The Bishop's Garden
–National Cathedral, Washington, D.C.
Lately I’ve been entering
through the arched doorway of its stonewall border.
How transforming to slip inside, walk down the few stone steps,
access to another time—once upon a time—
and, indeed, earlier this fall was pure enchantment,
an oak with a spread so perfectly round and golden
it might as well have been a sun.
It’s been weeks since that day
when an older woman sat with me on my bench.
“Since yours is the only sunny spot,” she said, “I’ll join you.”
We both had our books, our need for the bright rays,
for a sit, and to my surprise what might have felt intrusive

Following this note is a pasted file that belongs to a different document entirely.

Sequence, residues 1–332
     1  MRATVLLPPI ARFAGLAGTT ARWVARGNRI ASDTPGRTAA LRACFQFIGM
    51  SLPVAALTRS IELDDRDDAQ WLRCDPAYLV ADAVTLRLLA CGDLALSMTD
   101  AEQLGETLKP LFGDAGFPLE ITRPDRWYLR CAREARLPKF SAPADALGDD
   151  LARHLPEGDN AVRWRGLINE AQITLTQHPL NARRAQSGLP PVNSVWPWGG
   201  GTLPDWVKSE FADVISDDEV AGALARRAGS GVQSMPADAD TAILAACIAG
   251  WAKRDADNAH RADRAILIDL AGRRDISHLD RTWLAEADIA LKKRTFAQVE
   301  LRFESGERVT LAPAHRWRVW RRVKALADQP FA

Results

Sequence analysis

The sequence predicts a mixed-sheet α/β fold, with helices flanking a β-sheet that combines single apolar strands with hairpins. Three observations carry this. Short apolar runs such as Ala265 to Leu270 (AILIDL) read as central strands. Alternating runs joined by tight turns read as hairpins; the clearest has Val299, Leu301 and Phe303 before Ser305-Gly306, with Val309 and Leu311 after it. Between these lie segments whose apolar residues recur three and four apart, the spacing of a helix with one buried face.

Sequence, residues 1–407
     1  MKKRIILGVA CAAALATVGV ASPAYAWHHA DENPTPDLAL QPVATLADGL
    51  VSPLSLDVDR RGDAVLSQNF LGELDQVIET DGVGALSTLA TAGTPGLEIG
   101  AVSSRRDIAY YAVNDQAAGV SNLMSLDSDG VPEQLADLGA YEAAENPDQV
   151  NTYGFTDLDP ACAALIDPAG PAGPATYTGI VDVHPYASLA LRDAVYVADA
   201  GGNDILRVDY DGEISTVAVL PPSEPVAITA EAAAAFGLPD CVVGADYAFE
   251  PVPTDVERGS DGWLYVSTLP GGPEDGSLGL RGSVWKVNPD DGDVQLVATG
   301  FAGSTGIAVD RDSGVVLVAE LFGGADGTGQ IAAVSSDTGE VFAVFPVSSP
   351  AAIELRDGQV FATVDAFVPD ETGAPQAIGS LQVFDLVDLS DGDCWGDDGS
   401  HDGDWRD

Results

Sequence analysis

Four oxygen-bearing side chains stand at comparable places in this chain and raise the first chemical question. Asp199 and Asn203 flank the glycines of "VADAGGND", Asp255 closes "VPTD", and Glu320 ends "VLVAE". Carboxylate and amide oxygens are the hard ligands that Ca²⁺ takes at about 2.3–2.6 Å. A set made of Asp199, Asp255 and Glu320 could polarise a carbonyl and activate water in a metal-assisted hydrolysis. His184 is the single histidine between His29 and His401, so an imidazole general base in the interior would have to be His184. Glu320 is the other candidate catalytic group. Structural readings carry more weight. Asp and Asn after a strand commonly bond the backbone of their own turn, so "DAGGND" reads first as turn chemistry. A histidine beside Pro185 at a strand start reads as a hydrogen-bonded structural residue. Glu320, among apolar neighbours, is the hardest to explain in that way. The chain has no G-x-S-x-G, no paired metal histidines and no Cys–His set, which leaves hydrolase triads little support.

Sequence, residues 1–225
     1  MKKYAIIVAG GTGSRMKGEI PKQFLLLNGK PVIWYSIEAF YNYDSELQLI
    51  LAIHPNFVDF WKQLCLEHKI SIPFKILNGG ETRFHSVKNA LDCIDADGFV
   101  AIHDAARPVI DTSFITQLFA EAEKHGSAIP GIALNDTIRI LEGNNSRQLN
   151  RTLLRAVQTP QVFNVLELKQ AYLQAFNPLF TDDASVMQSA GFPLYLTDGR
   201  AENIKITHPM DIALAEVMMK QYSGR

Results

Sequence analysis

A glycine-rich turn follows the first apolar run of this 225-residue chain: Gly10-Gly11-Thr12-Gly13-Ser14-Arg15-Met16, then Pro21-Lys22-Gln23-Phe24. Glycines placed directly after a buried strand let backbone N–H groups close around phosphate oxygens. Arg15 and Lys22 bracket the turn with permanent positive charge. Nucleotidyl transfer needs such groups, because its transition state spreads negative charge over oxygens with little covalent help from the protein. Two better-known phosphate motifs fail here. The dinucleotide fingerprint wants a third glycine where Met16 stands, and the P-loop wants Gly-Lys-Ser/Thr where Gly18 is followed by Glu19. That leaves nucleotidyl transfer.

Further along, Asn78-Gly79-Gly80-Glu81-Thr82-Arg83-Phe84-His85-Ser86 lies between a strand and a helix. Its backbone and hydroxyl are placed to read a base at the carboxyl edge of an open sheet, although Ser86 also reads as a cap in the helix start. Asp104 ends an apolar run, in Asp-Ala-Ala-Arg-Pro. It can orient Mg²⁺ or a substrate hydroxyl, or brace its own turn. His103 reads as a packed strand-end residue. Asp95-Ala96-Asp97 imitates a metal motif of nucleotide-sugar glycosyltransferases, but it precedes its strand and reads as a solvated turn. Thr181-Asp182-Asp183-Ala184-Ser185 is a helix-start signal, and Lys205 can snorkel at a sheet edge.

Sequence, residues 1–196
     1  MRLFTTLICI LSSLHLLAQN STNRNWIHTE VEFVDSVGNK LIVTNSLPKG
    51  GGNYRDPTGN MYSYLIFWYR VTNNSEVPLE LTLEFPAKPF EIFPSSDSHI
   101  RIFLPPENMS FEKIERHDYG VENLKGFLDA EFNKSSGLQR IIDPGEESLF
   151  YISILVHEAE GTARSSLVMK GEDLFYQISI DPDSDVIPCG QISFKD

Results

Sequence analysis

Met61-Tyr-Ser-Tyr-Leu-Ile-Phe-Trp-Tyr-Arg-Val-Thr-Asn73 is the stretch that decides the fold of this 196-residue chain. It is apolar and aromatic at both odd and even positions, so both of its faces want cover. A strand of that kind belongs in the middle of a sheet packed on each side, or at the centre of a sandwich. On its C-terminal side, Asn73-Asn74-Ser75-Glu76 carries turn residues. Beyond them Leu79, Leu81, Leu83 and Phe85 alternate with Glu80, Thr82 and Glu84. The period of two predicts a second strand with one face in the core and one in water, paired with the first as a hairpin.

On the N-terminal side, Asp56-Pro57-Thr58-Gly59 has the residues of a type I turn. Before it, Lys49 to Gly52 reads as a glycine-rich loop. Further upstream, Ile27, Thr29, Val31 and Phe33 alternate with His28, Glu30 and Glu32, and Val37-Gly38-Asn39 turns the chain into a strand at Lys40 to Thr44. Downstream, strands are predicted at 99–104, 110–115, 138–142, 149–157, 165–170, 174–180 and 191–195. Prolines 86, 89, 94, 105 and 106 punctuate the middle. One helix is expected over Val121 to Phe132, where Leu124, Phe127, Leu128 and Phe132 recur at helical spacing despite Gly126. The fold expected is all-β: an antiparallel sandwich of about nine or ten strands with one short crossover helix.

didn’t. A friendly silence ensued. I read, she slept.
I slept, she read, until finally I rose to go.
But most days I sit by myself
on that one sunny bench. Though the oak’s spread
grows thinner with each visit, a few leaves still dangle,
unwilling to fall. The doctor tells me to go outdoors
an hour every day and as the days pass
I’ve come to feel like one of those steadfast leaves—
that is to say, no one is here anymore.
So I sit on the sunny bench,
alone, reading and contemplating the oak,
now nearly bare, as if it were more
than an ordinary tree subdued by the season,
as if it were an old, bald monk, still in silent meditation,
indifferent to the chilling around him, to the ground
in which he’s rooted, dense with loss.
Elizabeth Poliner is the author of Sudden Fog, a poetry chapbook, and Mutual Life & Casualty, a novel in stories. Her poetry has appeared in The Southern Review, Prairie Schooner, The Hopkins Review, and Poetry Daily, among other journals. She teaches creative writing at Hollins University’s Jackson Center for Creative Writing.